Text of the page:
Judgment can be a painful thing to experience at any stage of anyone’s life. We hate to think of the ones closest to us thinking any sort of negative way about what and more specifically who we are. That’s the thing about living with borderline personality disorder (BPD) though: nearly all moments of my life I feel there is a constant, scrupulous judgment being thrown towards me by everyone I meet. It is agonizing to constantly meet everyone’s gaze with the presumption that they must already hate me. If I muster the courage to smile and they don’t return it – suddenly I think they think I’m ugly, someone must have told them how “crazy” I am and now I’m being shunned. These thoughts are exhausting and to most people, downright ridiculous, and that makes it all the worse.
The horrific truth, though, is in the end when I am in my most rational mindset, I realize I am the one judging myself more than anyone I see or meet throughout my life. Every day I hate myself and judge myself for being the worst person in the world. No one is more ignorant than me. No one has an uglier soul or uglier thoughts and patterns of self-destruction than I do. No one hurts the ones they love more than I seem to be able to. I see and judge myself consistently and constantly from the time I begin my day to the time I am finally able to close my eyes and sleep.
What I wish this person, this broken little girl within me, understood, is that it’s OK. It’s OK not to be that “pretty, outgoing girl everyone loves and adores” and is friends with. Because quite honestly, I’m not that person. It takes me a little longer to warm up to people and not feel so anxious around them. Sometimes I’ll need more comforting, more loving, and validation from others than most people would probably expect.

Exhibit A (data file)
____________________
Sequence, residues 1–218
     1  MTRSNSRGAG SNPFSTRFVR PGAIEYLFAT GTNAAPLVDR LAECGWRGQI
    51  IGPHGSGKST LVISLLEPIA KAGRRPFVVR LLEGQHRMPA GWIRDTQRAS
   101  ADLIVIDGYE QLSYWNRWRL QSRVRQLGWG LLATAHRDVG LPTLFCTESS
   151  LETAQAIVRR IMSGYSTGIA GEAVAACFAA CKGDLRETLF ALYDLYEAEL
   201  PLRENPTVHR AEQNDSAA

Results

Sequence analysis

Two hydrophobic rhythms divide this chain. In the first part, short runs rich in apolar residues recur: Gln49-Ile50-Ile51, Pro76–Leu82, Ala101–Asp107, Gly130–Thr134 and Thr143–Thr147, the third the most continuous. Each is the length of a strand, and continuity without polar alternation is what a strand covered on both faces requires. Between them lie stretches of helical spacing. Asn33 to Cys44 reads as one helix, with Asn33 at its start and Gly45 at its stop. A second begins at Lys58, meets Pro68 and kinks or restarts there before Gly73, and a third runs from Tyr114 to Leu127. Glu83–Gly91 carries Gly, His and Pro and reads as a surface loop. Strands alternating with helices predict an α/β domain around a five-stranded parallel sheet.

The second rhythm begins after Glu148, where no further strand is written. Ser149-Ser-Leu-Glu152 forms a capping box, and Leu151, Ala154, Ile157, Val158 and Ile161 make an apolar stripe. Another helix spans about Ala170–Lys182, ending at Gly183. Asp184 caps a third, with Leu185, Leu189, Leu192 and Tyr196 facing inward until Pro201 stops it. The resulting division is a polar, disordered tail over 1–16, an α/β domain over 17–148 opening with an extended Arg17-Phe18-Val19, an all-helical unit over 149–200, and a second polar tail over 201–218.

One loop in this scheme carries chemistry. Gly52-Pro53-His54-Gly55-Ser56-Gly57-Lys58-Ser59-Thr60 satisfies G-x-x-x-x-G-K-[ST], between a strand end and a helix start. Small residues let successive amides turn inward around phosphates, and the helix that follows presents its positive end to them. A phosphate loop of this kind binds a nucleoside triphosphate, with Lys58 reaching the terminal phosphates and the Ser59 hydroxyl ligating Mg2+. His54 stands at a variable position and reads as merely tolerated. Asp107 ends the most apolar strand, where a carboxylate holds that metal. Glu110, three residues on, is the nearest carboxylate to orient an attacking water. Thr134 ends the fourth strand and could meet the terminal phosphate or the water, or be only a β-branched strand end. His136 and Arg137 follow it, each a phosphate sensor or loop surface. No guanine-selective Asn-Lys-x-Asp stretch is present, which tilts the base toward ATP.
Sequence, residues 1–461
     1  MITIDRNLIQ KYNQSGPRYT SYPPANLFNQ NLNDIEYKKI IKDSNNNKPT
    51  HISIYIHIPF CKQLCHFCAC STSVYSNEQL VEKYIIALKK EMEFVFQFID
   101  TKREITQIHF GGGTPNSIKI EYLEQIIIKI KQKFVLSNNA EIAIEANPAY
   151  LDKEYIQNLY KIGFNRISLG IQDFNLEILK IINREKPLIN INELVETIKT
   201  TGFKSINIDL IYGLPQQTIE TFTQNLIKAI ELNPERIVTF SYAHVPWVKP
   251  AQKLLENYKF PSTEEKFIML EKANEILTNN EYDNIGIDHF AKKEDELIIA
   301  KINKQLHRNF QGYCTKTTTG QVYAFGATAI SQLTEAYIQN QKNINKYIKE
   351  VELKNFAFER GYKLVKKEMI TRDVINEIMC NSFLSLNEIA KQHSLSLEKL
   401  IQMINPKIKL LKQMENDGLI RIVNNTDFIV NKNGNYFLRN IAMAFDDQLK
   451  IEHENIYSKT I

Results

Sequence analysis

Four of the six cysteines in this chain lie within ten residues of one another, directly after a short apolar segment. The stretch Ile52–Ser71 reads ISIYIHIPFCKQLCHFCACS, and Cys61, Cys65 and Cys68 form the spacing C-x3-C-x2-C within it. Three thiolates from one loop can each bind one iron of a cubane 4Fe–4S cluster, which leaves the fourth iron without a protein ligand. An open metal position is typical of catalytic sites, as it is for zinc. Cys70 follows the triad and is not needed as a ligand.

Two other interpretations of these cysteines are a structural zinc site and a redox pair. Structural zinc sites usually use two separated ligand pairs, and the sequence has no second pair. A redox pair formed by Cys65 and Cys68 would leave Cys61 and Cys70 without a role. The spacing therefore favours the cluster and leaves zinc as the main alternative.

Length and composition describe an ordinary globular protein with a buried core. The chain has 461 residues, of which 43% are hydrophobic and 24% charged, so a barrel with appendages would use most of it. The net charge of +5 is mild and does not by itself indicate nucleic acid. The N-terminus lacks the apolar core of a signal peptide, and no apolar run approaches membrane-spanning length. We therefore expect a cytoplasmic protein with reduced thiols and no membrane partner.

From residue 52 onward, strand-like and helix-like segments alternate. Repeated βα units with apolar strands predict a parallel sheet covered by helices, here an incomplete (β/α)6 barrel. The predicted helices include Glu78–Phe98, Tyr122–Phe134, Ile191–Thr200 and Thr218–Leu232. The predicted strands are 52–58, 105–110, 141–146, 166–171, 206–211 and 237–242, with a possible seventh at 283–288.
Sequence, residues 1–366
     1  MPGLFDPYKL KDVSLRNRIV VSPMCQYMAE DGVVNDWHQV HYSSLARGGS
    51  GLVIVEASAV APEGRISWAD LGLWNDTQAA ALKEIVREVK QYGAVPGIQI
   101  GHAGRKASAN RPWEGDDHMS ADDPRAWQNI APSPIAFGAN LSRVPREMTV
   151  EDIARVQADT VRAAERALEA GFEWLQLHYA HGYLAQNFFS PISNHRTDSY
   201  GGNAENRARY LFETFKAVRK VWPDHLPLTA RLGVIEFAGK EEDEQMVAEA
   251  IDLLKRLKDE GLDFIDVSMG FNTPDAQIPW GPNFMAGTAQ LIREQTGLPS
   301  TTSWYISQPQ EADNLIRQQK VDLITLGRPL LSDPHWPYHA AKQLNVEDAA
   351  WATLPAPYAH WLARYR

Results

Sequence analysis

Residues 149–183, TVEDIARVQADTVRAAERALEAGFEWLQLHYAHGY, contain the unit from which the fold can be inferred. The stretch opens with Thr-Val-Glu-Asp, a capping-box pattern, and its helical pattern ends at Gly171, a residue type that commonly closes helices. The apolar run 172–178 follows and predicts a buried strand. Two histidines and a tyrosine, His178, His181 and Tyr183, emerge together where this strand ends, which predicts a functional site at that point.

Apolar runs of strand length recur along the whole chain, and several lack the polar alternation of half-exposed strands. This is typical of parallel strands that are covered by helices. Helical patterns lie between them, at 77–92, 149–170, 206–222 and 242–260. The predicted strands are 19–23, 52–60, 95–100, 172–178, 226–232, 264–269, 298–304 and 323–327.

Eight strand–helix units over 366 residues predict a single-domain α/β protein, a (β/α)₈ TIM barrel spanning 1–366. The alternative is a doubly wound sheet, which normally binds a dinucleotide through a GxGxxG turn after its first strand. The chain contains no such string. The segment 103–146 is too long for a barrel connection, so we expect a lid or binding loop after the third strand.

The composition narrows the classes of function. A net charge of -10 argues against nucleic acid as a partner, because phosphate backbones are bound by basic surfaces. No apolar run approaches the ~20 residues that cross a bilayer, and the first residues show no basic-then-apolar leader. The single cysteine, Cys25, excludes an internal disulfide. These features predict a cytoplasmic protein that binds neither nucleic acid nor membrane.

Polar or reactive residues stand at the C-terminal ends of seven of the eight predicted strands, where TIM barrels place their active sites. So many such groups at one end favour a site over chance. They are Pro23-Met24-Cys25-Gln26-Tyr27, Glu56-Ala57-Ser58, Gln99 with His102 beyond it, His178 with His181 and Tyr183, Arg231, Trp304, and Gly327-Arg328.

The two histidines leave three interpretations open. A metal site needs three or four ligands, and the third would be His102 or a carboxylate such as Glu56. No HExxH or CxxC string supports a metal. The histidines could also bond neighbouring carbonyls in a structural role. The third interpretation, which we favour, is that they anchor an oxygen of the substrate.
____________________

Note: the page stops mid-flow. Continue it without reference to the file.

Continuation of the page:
What I need this little girl inside me, the one who fears abandonment and the thought of anyone disliking her in the slightest, I need her to understand I’m still beautiful. That even though I may have a variety of flaws that might always be apart of me, I still have a beautiful soul. I feel things more deeply than most, and sometimes seeing the raw, ugly truth about something doesn’t have to be a negative. I can use it and focus it in more constructive, useful areas of my life. She needs to understand that it’s OK not to be perfect, it’s OK to be flawed, it’s OK to be broken.
And at the end of the day, my reality and who I am, is my own reality I must live with. But it doesn’t have to be ugly and painful. It can be passionate, beautiful, and honest.